When I heard that, I felt encouraged about the meeting. Patrick told us he would read both bills and brief Senator Cornyn on everything.

When we arrived at the Rayburn House Office Building, our Texas team split up. Vicki, her son, and Sarah headed to Rep. Pete Sessions’ office because his district covers their area in Dallas. Elaine, Carl, Sylvia, and I  walked to Rep. Kenny Marchant’s office. Congressman Marchant represents the 24th Congressional District, also in the Dallas-Fort Worth area.

There we met Lindsay Hurley, the congressman’s staffer.

She didn’t appear to be that much older than I am.

I briefed her on the two bills, and talked about my grandma’s diagnosis.

“While it may be Breast Cancer Awareness Month, a lot of focus is on early detection,” I said. “That’s important, of course, but what about the people who find out they have cancer at a later stage?”
(Left to Right): Carl, Lindsay Hurley, Elaine, Olivia, and Sylvia
pose outside Rep. Kenny Marchant's office.

Thankfully, she understood.

“My aunt had cancer, Stage III, and I know our family was scared about it coming back at some point,” Lindsay said.

Before she walked us out, she addressed me.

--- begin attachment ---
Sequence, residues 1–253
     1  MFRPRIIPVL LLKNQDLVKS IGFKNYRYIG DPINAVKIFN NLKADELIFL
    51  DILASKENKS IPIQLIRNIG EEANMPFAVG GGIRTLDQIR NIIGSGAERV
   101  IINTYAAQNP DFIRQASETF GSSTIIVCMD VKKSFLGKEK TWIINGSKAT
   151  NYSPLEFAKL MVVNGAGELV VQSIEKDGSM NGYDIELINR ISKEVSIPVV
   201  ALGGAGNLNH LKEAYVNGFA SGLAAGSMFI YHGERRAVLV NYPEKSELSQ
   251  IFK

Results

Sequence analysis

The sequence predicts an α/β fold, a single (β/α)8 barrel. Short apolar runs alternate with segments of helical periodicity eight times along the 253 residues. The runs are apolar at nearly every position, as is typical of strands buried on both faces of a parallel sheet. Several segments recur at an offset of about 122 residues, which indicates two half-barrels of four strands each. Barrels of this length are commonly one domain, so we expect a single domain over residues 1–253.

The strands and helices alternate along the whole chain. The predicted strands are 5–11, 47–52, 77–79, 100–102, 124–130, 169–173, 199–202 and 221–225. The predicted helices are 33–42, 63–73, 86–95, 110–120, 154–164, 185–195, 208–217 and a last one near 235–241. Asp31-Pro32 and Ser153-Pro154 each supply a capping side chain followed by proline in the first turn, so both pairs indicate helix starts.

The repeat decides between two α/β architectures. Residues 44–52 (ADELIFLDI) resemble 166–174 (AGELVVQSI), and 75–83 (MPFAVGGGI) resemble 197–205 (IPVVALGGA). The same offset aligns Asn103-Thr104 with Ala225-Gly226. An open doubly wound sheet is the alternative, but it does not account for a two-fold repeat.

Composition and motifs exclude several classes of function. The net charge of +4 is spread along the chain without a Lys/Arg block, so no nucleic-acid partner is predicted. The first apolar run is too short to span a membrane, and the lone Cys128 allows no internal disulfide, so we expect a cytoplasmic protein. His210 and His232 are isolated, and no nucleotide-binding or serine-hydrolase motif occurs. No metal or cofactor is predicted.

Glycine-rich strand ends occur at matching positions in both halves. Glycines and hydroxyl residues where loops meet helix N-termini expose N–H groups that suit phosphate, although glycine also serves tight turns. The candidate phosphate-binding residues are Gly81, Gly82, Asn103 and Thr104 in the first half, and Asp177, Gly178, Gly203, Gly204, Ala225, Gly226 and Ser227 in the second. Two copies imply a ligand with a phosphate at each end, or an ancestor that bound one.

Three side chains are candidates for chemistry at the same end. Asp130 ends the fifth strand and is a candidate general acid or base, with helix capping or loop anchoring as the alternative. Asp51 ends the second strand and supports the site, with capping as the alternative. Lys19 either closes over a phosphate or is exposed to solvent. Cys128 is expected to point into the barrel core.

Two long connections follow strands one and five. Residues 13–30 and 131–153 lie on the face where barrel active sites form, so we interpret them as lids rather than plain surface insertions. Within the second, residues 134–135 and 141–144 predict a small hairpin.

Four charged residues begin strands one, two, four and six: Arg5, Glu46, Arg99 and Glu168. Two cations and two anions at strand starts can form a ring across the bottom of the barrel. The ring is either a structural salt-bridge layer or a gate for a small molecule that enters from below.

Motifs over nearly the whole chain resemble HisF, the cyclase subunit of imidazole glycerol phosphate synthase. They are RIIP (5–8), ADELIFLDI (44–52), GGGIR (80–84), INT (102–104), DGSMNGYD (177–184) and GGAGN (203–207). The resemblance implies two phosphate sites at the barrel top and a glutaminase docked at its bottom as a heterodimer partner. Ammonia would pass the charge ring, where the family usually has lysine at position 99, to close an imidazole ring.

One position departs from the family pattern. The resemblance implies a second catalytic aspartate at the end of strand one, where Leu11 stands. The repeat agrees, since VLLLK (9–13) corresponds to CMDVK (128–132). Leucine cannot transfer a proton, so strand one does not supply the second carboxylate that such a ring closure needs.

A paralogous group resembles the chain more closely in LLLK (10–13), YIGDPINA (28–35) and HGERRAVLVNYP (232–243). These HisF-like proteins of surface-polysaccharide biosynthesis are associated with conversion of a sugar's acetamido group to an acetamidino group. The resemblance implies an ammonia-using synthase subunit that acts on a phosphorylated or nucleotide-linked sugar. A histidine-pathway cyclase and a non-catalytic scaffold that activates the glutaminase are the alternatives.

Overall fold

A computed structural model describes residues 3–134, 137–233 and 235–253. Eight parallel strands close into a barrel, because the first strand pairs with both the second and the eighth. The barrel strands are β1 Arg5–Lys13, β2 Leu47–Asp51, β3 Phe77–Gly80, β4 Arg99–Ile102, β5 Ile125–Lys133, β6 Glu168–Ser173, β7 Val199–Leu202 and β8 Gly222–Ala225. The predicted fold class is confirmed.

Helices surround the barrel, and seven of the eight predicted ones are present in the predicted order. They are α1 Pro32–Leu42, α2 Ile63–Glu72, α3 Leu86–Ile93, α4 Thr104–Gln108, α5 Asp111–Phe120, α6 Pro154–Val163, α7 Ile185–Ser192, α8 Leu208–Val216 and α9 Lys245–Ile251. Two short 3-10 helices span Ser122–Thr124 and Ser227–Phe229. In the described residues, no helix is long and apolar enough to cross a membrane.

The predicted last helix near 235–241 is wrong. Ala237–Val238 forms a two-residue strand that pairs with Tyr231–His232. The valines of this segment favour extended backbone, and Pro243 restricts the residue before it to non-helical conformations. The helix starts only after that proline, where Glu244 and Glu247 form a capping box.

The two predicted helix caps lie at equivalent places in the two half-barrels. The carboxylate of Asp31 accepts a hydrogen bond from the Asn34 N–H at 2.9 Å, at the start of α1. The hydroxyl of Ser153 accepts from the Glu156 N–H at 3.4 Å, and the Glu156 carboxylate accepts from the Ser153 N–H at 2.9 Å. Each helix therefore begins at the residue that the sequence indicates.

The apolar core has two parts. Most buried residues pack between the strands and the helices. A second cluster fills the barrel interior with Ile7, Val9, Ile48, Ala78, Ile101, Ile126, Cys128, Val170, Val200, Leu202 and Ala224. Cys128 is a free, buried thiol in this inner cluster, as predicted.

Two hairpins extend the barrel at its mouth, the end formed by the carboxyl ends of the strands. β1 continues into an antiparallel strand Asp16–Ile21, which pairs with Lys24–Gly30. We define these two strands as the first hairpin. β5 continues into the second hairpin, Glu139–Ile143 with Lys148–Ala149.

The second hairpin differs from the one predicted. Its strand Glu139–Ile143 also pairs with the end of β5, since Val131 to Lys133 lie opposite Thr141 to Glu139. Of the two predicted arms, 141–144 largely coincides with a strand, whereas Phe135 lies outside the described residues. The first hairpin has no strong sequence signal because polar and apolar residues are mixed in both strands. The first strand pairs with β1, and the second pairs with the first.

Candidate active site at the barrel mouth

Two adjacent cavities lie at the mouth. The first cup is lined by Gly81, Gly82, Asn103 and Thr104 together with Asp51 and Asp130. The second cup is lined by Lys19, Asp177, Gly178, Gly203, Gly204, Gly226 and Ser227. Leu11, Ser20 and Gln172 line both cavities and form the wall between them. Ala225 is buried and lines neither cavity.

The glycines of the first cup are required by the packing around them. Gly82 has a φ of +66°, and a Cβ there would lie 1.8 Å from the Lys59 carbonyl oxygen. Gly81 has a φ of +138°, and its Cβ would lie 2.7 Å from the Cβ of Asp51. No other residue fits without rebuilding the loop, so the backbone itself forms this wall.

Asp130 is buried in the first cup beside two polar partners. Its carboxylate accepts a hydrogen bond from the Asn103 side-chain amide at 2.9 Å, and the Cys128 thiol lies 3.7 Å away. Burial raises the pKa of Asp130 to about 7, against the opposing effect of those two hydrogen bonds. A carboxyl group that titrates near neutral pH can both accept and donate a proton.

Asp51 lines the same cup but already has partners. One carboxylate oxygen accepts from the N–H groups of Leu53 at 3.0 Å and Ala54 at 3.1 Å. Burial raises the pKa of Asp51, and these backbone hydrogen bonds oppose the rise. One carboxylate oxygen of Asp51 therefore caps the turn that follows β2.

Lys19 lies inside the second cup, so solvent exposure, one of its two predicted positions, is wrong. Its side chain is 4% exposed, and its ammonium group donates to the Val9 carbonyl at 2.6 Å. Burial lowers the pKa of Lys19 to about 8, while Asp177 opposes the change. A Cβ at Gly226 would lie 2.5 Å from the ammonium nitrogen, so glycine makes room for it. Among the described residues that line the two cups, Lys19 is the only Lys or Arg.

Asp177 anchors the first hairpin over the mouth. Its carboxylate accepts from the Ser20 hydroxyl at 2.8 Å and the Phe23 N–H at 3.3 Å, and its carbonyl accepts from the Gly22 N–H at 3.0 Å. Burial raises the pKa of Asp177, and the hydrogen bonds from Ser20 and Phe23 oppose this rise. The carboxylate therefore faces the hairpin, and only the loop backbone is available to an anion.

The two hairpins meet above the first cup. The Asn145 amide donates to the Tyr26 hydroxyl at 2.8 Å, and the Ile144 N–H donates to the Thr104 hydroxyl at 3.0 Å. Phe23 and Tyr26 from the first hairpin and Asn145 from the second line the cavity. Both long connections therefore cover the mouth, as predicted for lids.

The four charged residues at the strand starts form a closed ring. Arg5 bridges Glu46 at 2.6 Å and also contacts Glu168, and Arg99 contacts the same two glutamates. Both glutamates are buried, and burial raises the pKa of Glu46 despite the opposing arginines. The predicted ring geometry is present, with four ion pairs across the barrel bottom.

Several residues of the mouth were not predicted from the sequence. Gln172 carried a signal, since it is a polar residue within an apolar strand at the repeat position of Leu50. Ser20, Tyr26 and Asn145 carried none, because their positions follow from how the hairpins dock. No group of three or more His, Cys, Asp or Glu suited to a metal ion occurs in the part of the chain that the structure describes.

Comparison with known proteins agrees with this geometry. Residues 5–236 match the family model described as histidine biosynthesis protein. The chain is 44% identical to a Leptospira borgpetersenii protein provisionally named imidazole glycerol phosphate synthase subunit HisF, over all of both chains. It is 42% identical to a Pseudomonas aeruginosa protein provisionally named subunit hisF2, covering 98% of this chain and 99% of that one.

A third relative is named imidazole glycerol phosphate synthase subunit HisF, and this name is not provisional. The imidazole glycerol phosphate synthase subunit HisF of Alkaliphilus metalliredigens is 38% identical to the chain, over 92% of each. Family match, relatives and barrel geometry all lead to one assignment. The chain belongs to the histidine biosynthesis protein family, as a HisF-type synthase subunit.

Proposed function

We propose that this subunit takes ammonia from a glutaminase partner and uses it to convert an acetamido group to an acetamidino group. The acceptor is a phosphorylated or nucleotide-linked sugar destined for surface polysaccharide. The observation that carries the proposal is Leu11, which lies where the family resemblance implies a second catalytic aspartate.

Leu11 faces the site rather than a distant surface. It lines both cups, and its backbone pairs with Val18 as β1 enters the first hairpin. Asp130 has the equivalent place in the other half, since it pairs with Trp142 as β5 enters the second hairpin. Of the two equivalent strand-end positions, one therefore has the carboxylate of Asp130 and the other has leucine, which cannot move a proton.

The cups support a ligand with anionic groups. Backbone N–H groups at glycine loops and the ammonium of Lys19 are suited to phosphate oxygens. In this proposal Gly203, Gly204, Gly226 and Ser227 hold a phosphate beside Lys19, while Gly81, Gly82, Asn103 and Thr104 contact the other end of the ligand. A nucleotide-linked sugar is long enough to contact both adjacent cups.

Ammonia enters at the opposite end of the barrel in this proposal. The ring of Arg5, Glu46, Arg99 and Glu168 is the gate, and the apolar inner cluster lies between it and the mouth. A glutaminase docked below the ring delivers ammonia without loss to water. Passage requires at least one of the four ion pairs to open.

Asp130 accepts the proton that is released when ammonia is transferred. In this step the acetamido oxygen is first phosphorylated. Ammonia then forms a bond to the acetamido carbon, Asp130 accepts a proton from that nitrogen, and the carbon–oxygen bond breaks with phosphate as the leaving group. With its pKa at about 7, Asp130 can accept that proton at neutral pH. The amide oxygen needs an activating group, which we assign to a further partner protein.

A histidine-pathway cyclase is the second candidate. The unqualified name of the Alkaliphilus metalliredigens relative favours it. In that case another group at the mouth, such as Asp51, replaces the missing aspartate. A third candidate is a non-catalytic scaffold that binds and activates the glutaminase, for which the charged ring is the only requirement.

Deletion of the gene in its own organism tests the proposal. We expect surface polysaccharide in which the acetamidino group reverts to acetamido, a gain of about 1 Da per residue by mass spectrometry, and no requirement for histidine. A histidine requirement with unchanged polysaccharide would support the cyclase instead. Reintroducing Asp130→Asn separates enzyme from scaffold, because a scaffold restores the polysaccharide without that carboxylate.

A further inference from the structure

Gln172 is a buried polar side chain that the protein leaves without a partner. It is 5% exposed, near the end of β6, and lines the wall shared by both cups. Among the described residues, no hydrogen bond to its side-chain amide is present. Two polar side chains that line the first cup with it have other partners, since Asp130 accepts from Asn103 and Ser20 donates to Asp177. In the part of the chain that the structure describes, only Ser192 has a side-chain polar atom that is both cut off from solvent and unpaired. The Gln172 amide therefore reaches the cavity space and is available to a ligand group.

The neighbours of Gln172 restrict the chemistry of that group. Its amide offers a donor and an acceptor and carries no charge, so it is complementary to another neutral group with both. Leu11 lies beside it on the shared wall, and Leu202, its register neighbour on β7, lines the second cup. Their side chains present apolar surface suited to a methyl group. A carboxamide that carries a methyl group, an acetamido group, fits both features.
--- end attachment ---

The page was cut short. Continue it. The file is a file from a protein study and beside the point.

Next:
“I’m sorry to hear about your grandmother, too. I lost mine last year and it’s not easy.”

“Thank you,” I said. “Grandparents are a treasure.”

Final Thoughts

I spent my last night in DC packing my suitcase, and I called my mom.

“Hey mija,” my mom answered. “How was your day?”

I told her about the Capitol March and the Die-In. I shared Elaine’s personal story, and how this courageous stranger shared her awful news that day — news she had yet to tell her own family. I tearfully told my mom how the trip opened my heart even more to other people suffering from MBC.

 “I’m so proud of you,” she said. “Your grandma would be, too.”

Olivia holds a photo of her late grandmother, Estela.
I always knew my grandma would be, but hearing those words made everything more real. Upon my return to Texas, I’d revert to my daily routine, but I didn’t want my advocacy to end with this trip. I still don’t. I want to keep fighting for better treatment for these survivors. I want Congress to pass both the Metastatic Breast Cancer Access to Care Act and Cancer Drug Parity Act, and increase metastatic cancer research funding. I want this terminal disease to become a treatable condition, where men and women with this diagnosis can live longer and be with their families. I want my grandma’s legacy — the strong woman she was, both before and after her diagnosis — to live on, because as we chanted on Capitol Hill, stage 4 survivors need more.

They deserve more.

(For more information or to get involved, visit

VIDEO: Adversity to Advocacy: A Granddaughter's Story of Stage 4 Breast Cancer

TMA Media Relations Coordinator Olivia Suárez travels to Washington, DC to advocate for more stage 4 breast cancer research funding after losing her grandmother to the disease. Video highlights key moments from the "Stage IV Stampede," including the METAvivor advocacy training, march to Capitol Hill, Community Die-In, and visits with congressional staff.